And Neither Have I Wings to Fly
Labelled and Locked Up in Canada’s Oldest Institution

Inanna Publications & Education Inc. 2013



To order book:

1. Directly from Inanna Publications.

2. In-store or online at Chapters/Indigo.

3. Online from Amazon

4. In Orillia, Ontario area:
Manticore Books,  1-705-326-7776

Mentally defective children should be separated from the normal at an early age, and what better place to send them than the Orillia asylum?
— Dr Helen MacMurchy, Inspector for the Feeble-Minded in Ontario, 1905-1919.

Daisy Lumsden and other members of her family, labelled “feeble-minded”, were committed for life to the provincial institution in Orillia, Ontario, formerly known as the Asylum for Idiots and Feeble-Minded and Ontario Hospital School, today called Huronia Regional Centre.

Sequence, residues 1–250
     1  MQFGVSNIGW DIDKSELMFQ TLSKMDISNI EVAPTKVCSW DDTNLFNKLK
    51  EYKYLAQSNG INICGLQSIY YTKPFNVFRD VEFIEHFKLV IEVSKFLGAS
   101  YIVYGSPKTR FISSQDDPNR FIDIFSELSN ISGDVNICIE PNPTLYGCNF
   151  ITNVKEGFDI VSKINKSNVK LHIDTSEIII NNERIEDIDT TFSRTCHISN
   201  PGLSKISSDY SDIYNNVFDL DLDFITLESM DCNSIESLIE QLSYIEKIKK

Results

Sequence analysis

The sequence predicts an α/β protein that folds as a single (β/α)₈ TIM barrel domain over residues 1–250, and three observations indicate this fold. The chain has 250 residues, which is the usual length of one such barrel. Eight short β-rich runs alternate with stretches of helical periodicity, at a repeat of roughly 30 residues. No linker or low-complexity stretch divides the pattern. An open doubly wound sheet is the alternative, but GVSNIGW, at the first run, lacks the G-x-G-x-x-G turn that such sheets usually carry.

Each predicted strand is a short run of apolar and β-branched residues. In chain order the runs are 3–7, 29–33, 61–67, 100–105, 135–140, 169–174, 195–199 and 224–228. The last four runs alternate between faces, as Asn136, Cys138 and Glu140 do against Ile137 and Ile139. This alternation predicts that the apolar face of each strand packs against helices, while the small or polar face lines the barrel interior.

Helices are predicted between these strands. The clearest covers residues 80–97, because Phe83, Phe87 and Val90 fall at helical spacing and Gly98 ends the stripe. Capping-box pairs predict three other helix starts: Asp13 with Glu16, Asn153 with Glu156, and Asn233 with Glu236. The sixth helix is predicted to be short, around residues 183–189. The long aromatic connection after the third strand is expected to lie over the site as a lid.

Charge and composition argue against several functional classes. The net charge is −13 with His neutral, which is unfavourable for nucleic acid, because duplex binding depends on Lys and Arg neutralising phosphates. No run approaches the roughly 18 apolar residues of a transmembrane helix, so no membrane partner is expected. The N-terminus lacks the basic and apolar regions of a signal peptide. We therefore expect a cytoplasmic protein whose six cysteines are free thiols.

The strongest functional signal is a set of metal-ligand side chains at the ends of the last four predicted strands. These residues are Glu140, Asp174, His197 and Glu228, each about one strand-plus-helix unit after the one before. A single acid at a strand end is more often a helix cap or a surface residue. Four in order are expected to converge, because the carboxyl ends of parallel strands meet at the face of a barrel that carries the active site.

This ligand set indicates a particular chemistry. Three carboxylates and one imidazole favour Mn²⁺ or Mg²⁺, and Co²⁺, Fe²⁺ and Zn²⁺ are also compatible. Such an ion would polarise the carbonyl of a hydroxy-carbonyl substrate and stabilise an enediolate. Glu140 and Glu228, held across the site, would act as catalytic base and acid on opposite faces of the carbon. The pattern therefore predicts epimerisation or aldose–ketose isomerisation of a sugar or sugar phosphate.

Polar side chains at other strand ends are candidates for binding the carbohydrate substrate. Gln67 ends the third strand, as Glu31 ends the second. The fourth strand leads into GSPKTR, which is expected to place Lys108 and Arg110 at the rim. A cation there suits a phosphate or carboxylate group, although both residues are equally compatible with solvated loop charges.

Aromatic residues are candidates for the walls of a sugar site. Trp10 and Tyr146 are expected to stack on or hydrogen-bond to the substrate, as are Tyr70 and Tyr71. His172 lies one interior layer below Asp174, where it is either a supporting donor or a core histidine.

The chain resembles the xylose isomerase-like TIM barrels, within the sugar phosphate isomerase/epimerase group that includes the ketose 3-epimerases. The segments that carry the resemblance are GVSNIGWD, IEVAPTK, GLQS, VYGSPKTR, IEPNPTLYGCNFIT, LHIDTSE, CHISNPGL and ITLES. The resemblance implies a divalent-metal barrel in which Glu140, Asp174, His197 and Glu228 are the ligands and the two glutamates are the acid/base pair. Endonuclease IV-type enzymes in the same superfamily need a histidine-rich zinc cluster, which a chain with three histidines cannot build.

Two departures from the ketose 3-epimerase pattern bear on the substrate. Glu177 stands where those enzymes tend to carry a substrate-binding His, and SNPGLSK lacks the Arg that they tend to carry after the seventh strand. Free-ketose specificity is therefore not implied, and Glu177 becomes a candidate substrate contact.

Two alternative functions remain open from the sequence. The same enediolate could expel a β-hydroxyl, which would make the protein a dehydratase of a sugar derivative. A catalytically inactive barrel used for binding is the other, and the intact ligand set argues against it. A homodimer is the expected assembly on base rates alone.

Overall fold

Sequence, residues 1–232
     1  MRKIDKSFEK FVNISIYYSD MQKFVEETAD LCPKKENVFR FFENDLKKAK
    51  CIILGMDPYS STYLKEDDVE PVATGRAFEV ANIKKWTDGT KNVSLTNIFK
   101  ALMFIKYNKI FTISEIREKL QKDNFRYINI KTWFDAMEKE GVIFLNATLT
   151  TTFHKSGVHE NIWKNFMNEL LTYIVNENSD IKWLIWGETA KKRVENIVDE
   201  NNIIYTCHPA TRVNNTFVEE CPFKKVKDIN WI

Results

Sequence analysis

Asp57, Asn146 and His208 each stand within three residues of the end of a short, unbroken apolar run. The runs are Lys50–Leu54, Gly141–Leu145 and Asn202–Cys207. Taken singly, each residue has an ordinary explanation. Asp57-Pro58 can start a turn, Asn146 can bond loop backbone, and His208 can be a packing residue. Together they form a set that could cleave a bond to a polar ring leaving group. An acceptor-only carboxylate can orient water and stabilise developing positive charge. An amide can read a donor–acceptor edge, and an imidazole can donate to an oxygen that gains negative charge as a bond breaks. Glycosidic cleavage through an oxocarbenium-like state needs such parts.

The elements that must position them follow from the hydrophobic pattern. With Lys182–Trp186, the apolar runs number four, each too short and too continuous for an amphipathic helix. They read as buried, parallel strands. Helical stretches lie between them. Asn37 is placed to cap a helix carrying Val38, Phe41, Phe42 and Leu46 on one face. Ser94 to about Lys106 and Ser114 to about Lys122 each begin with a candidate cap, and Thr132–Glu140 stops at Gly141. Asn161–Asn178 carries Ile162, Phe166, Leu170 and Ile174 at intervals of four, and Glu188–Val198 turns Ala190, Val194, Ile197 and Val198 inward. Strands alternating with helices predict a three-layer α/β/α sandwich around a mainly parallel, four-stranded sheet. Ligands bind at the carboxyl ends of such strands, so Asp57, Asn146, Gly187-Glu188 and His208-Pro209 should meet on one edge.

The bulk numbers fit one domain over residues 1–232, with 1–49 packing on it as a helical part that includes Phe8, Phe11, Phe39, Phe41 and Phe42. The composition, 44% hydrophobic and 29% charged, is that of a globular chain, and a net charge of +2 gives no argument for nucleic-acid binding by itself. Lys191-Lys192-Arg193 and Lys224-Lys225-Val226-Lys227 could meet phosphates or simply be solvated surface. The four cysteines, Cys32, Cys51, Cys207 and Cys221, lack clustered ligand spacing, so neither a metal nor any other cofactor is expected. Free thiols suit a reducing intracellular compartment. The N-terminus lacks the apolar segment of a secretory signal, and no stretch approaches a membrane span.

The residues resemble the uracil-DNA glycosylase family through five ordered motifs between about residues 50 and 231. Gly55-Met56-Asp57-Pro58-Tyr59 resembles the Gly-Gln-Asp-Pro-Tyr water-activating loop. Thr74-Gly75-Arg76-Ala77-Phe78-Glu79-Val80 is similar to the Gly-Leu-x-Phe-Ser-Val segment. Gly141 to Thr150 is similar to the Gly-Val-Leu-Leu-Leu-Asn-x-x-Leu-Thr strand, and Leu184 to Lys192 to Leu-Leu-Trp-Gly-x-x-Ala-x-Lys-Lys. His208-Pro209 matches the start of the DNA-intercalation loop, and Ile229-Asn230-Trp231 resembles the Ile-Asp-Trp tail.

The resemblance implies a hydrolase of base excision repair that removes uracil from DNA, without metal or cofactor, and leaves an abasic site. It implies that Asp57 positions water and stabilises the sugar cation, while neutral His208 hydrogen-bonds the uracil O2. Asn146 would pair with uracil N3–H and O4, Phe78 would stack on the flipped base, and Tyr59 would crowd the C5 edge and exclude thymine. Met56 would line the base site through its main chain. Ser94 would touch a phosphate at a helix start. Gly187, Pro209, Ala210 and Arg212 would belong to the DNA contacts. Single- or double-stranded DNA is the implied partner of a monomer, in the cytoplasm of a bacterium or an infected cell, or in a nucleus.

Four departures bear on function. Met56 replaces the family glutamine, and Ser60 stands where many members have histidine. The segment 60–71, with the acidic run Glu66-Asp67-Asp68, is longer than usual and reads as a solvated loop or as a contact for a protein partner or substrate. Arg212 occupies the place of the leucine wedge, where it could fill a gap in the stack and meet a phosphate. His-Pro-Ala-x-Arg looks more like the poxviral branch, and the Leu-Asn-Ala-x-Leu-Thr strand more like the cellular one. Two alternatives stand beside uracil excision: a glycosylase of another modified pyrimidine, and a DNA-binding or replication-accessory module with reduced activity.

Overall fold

Their experience inside the wards and cottages of the institution, and the struggle for their release makes for disturbing reading. A well-researched expose of the sexual, psychological, and physical abuse of vulnerable children with intellectual disabilities, and the denial of their civil rights. Daisy and her family are unwittingly caught up in a genetic “survival of the fittest”, that pitted the “fit” against the “unfit”. But who are the “unfit”? And who decides?

Read excerpt >


...a work of great passion and determination ... meticulous research.
— Patricia Maunder, Reviewer, 'A Sorry State: Two new books shed light on institutional abuse and pain.' Quill & Quire. July/August, 2013.

Toronto writer Thelma Wheatley has given imaginative life to a largely forgotten chapter in Canadian history … By juxtaposing the profoundly marginalized lives of the Lumsden and Hewitt kin with those of the politicians, professionals and public administrators whose judgements doomed Daisy and her relations, Wheatley renders the broader story profoundly personal and underscores the deep injustice of this history.
— Megan J. Davies, Ass. Professor of Social Science, York University: "The Hidden Tragedy of Orillia: History From The Dark Side Junk, science, injustice and the value of public memory." Canadian Literary Review, Vol. 21, No. 7. September 2013.